The invention of the patent in suit was disclosed to the Westinghouse Electric & Manufacturing Company and to the said engineers, by the patentee of the patent in suit, in June, 1914, at which time the Bendix drive, with the flattened spring, was successfully operated at the plant of the said Westinghouse Electric & Manufacturing Company.
There is no description of the shape of the spring in any of the patents to Nikinow, Wilson, or Churchward lastly hereinbefore described.
The defendant pleaded the defense of dedication of the invention of the patent in suit, but no testimony was offered at the trial of this defense. This defense is based upon what defendant contends is a full unclaimed disclosure in Bendix patent, No. 1,172,864, issued on February 22, 1916; the application for the patent in suit having been filed about three weeks thereafter, on March 15, 1916.
I find no intent on the part of the patentee to abandon the meritorious invention of the patent in suit, and dedication will not be found unless it is absolutely necessary to do so. Traitel v. Hungerford, supra; Van Heusen Products v. Earl & Wilson, surpa.
The intent to abandon did not exist, and the circumstances do not require that the intent be by law imputed.Gear Grinding Mach. Co. v. Studebaker Corporation (C.C.A.) 270 F. 934.
The law does not require dedication to be found in this suit.
Section 4888, Revised Statutes (35 USCA § 33), contains a mandatory requirement of a written description of the invention of the patent in suit, in full, clear, concise, and exact written words. The drawing's sole function is to help out the written description.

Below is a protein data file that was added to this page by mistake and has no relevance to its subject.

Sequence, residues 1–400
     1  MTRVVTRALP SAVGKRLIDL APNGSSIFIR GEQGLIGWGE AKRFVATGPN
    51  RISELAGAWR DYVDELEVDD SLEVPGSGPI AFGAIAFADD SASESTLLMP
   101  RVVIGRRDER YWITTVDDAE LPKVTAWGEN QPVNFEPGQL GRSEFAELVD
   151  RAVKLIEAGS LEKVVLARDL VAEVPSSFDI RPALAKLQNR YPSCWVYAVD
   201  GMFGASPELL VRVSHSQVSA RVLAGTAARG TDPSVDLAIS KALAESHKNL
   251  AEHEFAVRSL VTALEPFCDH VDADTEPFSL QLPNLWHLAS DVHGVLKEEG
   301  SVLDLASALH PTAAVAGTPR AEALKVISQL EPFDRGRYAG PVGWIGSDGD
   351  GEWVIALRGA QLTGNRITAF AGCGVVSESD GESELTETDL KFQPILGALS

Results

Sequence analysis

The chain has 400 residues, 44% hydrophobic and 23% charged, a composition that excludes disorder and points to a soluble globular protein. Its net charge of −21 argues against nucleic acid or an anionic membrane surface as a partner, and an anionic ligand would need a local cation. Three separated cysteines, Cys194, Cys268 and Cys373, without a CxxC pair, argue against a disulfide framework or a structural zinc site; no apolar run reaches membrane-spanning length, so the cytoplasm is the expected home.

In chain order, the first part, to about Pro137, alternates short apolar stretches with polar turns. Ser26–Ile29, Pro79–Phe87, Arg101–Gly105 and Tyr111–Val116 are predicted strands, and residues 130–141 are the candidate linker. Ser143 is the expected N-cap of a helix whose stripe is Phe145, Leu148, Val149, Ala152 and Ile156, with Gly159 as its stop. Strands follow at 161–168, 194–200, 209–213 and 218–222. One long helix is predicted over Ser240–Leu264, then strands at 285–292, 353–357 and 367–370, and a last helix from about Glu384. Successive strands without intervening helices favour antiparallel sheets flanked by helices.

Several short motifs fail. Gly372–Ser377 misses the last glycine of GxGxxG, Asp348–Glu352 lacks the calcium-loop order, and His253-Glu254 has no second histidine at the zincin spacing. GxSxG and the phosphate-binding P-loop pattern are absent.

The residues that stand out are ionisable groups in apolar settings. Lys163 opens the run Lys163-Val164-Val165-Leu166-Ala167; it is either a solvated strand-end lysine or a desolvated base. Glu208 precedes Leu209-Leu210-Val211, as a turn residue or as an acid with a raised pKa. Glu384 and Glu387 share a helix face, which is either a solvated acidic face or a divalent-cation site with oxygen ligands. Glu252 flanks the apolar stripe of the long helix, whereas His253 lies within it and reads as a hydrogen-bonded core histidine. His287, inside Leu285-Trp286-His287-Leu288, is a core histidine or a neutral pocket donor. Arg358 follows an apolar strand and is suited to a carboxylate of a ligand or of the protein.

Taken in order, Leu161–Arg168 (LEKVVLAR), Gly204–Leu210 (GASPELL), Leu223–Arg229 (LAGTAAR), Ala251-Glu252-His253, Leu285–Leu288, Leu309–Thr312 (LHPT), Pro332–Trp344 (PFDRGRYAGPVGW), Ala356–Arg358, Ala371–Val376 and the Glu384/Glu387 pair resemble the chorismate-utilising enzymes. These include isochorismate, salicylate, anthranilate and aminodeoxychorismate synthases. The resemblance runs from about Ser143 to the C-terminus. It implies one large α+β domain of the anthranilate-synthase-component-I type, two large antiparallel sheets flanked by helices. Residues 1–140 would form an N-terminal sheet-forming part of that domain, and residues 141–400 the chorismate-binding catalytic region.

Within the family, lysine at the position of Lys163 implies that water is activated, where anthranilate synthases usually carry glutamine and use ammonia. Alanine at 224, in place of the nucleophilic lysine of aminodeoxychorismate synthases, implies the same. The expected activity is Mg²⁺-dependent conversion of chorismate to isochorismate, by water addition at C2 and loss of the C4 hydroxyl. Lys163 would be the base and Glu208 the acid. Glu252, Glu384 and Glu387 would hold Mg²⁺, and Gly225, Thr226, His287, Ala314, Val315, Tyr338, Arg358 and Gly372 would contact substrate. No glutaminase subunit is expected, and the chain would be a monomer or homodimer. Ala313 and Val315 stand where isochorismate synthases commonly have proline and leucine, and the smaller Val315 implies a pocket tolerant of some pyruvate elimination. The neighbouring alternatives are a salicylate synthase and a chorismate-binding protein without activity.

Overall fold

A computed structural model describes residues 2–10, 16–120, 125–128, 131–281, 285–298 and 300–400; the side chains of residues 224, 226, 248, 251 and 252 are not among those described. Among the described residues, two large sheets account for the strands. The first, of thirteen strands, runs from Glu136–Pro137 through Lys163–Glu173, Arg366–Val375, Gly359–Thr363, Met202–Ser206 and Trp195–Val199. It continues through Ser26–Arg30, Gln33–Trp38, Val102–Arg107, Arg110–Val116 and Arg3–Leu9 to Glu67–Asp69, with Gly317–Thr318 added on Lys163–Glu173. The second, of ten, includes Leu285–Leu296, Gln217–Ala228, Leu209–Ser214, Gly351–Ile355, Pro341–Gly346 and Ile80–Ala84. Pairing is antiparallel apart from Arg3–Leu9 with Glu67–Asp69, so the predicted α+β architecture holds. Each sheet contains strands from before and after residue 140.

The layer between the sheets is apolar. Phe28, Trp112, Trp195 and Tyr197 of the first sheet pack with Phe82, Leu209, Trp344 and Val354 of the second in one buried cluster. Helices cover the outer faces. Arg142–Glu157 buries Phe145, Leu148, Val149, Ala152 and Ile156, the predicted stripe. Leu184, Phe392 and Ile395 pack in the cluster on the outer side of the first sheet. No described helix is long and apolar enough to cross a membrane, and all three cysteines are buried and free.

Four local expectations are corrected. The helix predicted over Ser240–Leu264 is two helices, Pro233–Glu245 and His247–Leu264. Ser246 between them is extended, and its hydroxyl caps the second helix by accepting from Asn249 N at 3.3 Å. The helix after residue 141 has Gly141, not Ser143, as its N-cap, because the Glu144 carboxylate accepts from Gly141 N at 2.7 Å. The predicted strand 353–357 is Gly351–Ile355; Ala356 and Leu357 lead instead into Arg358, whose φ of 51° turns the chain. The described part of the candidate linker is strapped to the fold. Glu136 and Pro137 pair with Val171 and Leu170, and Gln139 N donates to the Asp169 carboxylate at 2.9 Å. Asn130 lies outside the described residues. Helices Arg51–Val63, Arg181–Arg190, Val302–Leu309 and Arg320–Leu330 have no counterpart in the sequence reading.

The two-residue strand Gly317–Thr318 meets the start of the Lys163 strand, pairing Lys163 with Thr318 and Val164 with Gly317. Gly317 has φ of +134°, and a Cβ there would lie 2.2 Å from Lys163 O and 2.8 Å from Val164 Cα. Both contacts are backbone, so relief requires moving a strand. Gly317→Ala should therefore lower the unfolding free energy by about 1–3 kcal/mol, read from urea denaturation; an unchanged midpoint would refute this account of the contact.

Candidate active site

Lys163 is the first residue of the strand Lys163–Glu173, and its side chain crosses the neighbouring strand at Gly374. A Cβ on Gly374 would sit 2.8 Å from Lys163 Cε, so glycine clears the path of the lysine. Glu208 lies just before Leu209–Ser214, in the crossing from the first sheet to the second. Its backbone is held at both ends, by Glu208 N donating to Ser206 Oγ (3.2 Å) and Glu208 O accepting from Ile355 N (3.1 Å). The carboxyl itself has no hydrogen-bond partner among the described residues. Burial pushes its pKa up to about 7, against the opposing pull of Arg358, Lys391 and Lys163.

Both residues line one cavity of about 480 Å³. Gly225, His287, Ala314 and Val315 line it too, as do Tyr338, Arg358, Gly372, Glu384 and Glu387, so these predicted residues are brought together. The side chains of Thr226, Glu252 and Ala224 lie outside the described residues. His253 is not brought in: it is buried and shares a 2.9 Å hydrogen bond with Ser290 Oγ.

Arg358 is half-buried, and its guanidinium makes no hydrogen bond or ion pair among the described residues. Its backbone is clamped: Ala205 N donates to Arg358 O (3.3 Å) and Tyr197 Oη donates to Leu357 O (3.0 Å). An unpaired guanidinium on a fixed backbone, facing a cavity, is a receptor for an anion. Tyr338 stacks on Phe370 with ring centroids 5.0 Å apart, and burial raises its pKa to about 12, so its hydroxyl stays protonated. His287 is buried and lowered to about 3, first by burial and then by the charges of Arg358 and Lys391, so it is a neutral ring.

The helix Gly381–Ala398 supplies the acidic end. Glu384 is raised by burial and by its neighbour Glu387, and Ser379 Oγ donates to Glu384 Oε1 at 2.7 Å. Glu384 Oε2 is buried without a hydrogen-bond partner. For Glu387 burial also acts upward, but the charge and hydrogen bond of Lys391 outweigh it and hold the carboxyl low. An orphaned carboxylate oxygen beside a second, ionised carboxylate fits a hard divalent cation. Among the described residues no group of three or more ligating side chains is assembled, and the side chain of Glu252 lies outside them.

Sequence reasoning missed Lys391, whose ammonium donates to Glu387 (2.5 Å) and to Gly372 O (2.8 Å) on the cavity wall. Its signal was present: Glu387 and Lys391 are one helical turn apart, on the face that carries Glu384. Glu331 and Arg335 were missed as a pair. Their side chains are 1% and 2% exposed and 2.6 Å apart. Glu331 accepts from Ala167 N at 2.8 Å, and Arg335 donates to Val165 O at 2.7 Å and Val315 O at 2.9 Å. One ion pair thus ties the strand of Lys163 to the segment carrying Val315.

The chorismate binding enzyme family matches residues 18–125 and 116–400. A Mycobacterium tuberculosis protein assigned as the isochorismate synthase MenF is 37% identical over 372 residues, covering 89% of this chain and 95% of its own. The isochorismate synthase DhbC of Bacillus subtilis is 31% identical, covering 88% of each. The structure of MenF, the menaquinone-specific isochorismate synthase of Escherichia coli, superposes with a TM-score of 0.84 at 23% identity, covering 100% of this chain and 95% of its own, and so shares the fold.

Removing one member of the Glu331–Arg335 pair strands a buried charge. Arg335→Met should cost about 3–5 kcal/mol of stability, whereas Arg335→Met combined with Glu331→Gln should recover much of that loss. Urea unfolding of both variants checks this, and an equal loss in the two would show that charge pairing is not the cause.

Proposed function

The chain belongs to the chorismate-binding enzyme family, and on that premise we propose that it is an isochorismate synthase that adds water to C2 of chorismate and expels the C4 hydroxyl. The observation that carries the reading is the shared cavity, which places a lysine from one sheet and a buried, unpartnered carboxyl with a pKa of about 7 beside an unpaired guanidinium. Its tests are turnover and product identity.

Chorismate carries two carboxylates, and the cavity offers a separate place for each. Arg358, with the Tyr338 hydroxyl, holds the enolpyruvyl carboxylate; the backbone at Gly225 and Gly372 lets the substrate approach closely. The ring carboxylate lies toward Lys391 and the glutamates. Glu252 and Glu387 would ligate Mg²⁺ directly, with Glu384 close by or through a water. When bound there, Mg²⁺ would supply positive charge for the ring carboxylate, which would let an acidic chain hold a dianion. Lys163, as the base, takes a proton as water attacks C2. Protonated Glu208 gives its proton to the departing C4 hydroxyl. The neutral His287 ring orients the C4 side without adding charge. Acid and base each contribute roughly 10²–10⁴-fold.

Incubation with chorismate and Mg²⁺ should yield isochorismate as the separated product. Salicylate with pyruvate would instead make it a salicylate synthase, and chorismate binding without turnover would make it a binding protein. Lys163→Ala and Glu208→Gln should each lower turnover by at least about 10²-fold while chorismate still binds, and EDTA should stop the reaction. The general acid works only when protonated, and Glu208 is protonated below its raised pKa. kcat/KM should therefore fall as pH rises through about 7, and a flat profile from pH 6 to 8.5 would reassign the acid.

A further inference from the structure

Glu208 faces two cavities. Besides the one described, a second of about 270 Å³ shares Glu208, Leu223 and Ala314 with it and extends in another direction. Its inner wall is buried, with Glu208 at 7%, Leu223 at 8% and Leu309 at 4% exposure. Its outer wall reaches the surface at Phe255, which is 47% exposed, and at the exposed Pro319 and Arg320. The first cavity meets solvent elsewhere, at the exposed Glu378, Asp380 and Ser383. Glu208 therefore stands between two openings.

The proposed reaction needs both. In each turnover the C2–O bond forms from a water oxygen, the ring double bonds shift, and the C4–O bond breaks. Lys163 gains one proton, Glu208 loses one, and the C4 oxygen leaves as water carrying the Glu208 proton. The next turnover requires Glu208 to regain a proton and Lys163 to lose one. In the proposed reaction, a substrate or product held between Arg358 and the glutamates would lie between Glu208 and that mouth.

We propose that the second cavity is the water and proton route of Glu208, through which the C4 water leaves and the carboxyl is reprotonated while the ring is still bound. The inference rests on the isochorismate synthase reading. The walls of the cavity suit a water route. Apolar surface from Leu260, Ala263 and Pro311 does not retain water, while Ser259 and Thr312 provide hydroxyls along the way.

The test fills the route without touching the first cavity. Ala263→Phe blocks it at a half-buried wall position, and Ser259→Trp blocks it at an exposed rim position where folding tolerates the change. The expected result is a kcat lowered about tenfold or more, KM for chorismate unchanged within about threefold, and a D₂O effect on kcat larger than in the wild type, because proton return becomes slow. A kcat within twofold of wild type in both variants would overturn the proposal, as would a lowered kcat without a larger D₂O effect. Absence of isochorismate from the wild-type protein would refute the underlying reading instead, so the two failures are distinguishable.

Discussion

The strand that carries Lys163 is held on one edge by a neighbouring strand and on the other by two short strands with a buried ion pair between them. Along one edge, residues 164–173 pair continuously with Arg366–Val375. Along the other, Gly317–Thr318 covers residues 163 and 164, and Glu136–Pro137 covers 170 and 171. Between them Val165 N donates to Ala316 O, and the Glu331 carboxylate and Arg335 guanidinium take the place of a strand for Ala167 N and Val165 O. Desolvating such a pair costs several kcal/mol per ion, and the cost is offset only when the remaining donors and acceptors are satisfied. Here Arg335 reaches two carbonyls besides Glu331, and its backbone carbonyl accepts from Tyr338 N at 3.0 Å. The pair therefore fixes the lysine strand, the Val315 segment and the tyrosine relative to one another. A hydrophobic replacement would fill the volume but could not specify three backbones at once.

There is no written description of a flattened spring in Bendix patent, No. 1,172,864, therefore there is no disclosure in such patent sufficient to support the right to claim and protect an invention of such spring, and without such a disclosure there can be no dedication. This is clearly so when, as in the said patent No. 1,172,864, there is only an incidental delineation in the drawing of a flattened spring, that was unnecessary for the purpose of the invention of that patent, which relates to novel means for mounting the drive spring, and the particular shape or configuration of that spring had nothing to do with those means. The shape or configuration of the spring was not and could not have been claimed in that patent. American Steel Foundries v. Scullin-Gallagher I. & S. Co. (C.C.A.) 197 F. 49; Wolff Truck Frame Co. v. American Steel Foundries (C.C.A.) 195 F. 940, 945; Simpson & Newport News Shipbuilding & Dry Dock Co. (D.C.) 18 F.2d 318, 322; Fulton Co. v. Powers Regulator Co. (C.C.A.) 263 F. 578; Stewart v. American Lava Co., 215 U.S. 161, 30 S. Ct. 46, 54 L. Ed. 139.